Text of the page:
I played it cool and hung behind the second and third place women until I couldn't hold out any longer and I passed (one of them was a good friend, Britta K and the other I didn't know). Then we joined the half marathoners, who had started 2 hours after us. This is where the race gets hectic and my new challenge was to try to figure out how to pass people politely. Continuing my tactic of powerwalking all hills made this easier.
Here is one of the few places out of the shade of the forest.
I was second woman and no women behind me as far as the eye could see. I passed and passed people, feeling as though I was running a faster and faster pace all the while. I passed a lot of men who had started the marathon too fast (wow - what a feeling to actually not be in their situation!). And suddenly - at the last aid station- I passed a woman with a yellow marathon number on. I was in first! She looked to be struggling and I didn't see her making an attempt to keep up. The last 5 km are wonderful because they are basically all down hill. I ran with all I could and made it to the finish line in 3:49 something. And as I crossed the finish line - nothing happened. Well, there were tons of spectators but no one cheered for first woman and most of all, SR, my mom, The Lorax, Mattias and SR's mom were nowhere to be seen. Weird. I had just won ... and... oh well.
Then they announced that the top three women were in and called my name for third place. Wha???
I then saw SR and he was like "what are you done??!! Already? Someone just fainted! I gotta help out! Did you get third?"
I asked how his race went and he said he got third in the half marathon and then he was off to play doctor. I probably should have helped, but they had just called me to the podium. Plus, SR handles those type of situations well.
To make a long story short, the woman who I had passed near the end with the marathon number on was not running the marathon and must have switched to running the half marathon at the last minute. Naughty!
The first place woman, Anne-Marie Lyngbye, was far ahead of me the entire race and finished in 3:34. She is a Hvalsø local. She had run the first 32km in 2:40, but then had stomach issues and ended up with a slower time than anticipated. But what an awesome performance on that course. She was actually 10th overall.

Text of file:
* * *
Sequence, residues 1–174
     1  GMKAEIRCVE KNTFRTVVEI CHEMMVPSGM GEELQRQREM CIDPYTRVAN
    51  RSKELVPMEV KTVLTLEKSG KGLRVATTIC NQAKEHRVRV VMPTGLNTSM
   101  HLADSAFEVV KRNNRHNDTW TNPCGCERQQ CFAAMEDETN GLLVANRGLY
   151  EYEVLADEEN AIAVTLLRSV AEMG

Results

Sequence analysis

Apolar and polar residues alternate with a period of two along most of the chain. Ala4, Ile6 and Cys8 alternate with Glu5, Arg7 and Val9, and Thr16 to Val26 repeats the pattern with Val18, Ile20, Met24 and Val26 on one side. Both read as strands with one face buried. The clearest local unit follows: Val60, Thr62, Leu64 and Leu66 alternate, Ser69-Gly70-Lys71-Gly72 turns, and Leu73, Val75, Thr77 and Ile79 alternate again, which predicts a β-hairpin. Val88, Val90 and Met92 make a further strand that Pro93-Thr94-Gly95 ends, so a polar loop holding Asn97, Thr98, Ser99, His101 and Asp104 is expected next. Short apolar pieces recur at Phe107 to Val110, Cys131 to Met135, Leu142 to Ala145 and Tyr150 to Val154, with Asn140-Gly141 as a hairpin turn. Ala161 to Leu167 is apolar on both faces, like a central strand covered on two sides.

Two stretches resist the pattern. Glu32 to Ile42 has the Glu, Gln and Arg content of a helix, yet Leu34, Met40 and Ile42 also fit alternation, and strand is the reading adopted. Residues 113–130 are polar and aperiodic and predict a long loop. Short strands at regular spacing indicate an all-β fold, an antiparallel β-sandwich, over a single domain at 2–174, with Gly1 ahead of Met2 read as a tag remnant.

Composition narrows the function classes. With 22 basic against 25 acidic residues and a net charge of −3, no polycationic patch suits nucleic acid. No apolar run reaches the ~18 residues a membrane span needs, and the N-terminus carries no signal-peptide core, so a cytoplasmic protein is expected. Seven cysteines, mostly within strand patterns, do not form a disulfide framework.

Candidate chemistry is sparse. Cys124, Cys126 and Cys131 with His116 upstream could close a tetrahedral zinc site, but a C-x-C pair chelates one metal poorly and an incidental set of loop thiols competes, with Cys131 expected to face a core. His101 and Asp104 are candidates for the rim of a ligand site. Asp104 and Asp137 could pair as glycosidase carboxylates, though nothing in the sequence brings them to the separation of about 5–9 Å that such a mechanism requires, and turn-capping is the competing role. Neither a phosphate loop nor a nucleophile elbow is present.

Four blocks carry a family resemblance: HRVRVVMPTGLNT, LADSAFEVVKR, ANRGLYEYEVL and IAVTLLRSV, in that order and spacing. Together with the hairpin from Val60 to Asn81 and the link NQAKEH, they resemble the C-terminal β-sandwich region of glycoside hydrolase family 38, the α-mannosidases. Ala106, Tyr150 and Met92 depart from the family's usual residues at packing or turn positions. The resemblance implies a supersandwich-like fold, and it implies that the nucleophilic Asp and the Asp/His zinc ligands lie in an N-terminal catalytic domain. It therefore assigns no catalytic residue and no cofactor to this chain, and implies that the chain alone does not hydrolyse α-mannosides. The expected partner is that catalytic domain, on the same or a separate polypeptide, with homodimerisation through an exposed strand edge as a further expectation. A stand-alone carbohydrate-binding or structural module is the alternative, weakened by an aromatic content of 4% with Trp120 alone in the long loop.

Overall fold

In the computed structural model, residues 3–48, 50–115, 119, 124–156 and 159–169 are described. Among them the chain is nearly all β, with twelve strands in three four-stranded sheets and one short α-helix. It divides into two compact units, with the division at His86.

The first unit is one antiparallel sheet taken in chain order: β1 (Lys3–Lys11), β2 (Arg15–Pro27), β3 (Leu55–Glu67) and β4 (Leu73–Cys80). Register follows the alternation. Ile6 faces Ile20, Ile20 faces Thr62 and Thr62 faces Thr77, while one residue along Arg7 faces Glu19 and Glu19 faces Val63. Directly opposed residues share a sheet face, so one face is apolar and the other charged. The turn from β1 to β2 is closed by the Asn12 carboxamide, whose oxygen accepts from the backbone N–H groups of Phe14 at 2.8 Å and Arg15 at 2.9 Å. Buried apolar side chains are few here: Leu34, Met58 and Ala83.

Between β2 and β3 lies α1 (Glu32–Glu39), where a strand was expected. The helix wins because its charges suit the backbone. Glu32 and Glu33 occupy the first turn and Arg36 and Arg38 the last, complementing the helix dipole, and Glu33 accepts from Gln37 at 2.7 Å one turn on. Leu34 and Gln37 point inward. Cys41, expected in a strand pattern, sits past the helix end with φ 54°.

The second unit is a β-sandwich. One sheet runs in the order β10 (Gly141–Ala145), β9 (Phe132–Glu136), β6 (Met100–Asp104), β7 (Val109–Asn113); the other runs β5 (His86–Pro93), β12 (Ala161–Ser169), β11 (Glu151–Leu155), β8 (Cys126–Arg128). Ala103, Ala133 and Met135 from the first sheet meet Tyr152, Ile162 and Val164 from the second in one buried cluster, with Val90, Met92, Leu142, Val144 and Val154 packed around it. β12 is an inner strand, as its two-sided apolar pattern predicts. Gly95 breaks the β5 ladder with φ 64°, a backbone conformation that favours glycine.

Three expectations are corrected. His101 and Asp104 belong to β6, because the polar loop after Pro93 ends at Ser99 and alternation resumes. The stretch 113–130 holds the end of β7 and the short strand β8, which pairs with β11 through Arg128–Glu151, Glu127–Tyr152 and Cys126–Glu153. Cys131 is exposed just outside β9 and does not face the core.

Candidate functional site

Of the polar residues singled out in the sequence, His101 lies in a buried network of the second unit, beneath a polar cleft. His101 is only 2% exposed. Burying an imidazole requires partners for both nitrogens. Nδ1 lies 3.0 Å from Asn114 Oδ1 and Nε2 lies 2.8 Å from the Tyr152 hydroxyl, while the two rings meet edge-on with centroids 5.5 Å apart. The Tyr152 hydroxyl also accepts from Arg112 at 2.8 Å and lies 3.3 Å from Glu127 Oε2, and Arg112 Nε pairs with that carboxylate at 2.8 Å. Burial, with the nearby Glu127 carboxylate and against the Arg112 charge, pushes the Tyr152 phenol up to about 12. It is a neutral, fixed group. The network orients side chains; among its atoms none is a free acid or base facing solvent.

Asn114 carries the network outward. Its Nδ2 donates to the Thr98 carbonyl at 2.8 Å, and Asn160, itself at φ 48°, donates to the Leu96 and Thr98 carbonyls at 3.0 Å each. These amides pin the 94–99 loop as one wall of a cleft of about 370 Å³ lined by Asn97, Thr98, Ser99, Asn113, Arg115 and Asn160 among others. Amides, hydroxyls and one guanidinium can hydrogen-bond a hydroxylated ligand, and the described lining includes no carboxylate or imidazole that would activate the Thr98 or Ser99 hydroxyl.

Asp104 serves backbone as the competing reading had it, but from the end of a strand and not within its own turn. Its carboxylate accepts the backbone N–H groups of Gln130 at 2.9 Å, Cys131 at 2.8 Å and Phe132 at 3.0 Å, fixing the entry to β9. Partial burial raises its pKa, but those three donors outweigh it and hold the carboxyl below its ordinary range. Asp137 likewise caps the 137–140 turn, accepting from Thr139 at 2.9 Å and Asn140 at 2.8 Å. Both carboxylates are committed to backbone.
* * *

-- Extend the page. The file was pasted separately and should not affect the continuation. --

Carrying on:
The second place woman - well, they never found "her" and only later Sunday night did I learn that the "woman" was a guy with the name Joan. And that confused everyone.
Long story short, I may have run the best marathon of my life thus far and it was all about concentrating on a constant effort and utilizing power walking on the hills and not getting behind on energy. It was the most fun I have had at a marathon with the exception of Copenhagen Marathon 30 weeks pregnant, which may never be surpassed. I beat my time from last year of 3:54, despite probably being in worse shape, simply because I ran smart.
SR ran the half in 1:24, which as stated got him a third place, in a much bigger race than mine. He, however, appeared to be enjoying it slightly less...
(actually I'm not sure whether he was having fun or feeling nauseated here)
but he's definitely coming back next year (and says he'll do the whole marathon instead).
Here are a couple of pics my mom took at the finish.
Now, the dowside of taking a train is we have been stuck on the tracks for 20 minutes without moving because the train in front of us stopped working...
Photo from Mount Royal, Frisco, Colorado.
"Children are fascinated by the ordinary and can spend timeless moments watching sunlight play with dust. Their restlessness they learn from you. It is you who are thinking of there when you are here. It is you who thinks of then instead of now. Stop. Let your children become the teachers and you the student" - William Martin